Scripture condemns all sexual promiscuity, both homosexual and heterosexual. The sin of homosexual rape accompanied Sodom’s other sins of pride and inhospitality (Gen. 19; Ezek. 16:49; Jude 7). Heterosexual prostitution, premarital and extramarital sex, and lust are condemned. Homosexual activity comes under God’s judgment in Romans 1; 1 Corinthians 6, and 1 Timothy 1.

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The Bible does not distinguish between different kinds of homosexual activity. Some have argued that the Bible permits homosexual activity if it is confined to one mate only. We can find no scriptural support for this claim. The two Greek words translated “homosexuals” or “sexual perverts” in 1 Corinthians 6:9 may refer to the practice of pederasty, where older men have intercourse with young boys. If Scripture addressed the subject of homosexuality in this passage alone, one might be able to argue that Paul condemned only one kind of homosexual activity. But it is not at all clear that this was his intent. His other condemnations of homosexual activity make such an interpretation impossible. Therefore, in keeping with the whole of Scripture, Paul forbade homosexual activity in general, even in this passage.

The plain teaching of Scripture is that all homosexual activity is sinful. But while Christians must believe the Bible, they should not believe the myths about homosexuality circulated by many. Some of these are as follows:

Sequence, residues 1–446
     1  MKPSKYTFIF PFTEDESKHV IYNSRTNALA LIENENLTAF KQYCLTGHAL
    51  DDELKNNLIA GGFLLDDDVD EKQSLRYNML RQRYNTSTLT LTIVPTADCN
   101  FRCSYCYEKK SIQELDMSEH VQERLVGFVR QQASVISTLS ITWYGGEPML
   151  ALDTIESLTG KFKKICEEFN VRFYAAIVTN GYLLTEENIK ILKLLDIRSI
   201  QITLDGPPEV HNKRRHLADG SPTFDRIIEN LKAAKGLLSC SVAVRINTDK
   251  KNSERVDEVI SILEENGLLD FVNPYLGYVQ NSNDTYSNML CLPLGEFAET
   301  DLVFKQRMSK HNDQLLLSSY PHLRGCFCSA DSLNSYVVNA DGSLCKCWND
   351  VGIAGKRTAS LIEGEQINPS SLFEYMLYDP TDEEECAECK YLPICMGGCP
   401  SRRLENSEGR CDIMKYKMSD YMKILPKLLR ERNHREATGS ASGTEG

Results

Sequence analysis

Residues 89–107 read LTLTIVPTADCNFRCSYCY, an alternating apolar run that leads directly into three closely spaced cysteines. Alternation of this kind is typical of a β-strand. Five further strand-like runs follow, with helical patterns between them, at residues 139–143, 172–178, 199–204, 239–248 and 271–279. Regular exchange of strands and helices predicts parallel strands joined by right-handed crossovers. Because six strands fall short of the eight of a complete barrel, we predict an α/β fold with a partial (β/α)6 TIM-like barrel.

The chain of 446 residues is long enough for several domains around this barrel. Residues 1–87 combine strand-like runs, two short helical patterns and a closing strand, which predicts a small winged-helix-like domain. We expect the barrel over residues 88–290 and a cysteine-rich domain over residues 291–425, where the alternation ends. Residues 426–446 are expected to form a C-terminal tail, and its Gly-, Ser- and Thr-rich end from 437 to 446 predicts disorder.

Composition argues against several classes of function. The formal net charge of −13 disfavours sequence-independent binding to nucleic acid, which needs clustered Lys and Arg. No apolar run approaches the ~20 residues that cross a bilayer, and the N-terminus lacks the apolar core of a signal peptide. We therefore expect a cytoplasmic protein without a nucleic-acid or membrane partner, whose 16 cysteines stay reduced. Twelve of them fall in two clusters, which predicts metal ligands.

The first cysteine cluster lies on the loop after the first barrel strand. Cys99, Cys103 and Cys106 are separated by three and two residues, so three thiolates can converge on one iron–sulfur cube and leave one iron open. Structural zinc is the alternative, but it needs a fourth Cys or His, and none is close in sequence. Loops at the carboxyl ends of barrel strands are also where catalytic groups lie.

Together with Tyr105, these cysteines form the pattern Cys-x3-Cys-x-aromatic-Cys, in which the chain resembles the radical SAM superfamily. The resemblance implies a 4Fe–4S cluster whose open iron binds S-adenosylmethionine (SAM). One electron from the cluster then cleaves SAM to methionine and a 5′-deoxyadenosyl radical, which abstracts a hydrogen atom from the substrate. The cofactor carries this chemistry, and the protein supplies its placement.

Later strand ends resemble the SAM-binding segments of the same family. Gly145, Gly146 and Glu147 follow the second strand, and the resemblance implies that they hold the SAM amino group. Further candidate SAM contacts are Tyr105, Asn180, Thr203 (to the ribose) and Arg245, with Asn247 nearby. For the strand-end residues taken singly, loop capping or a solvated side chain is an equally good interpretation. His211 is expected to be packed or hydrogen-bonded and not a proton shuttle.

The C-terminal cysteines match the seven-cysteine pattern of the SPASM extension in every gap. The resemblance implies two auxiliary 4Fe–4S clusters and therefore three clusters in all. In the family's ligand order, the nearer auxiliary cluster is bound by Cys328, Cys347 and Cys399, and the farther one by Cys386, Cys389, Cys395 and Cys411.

Myth #1: All homosexuals are effeminate limp wrists who wear women’s clothes, recruit and molest little children, and preoccupy their minds with sex. These characteristics simply are not true of all persons with a homosexual condition, but are usually seen in public displays of homosexual activity reported in the news media.

Myth #2: Those persons who have a homosexual condition actively seek to live promiscuously with any member of the same sex. Homosexuality is not only something one does, it is something one is. Usually homosexuals don’t consciously choose to be homosexual. Often they simply discover that they have no interest in members of the opposite sex and are attracted to members of the same sex. At that point they must decide whether or not to engage in overt homosexual behavior. People may be homosexual all their lives and never choose to engage in homosexual activity.

However, those who do choose homosexual activity do not necessarily become prostitutes or follow the lifestyle of gay bars and one-night stands. Instead, some choose a loving relationship with one partner. Numerous professing Christians who have a homosexual condition have taken this route.